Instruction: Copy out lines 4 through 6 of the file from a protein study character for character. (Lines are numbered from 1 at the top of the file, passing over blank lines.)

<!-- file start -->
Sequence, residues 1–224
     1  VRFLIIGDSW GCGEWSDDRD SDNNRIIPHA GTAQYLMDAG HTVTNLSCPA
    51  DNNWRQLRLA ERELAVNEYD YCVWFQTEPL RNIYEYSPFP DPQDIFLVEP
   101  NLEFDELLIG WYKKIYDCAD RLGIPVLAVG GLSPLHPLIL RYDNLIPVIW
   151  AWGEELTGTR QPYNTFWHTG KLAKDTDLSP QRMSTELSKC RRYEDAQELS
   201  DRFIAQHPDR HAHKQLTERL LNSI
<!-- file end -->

   101  NLEFDELLIG WYKKIYDCAD RLGIPVLAVG GLSPLHPLIL RYDNLIPVIW
   151  AWGEELTGTR QPYNTFWHTG KLAKDTDLSP QRMSTELSKC RRYEDAQELS
   201  DRFIAQHPDR HAHKQLTERL LNSI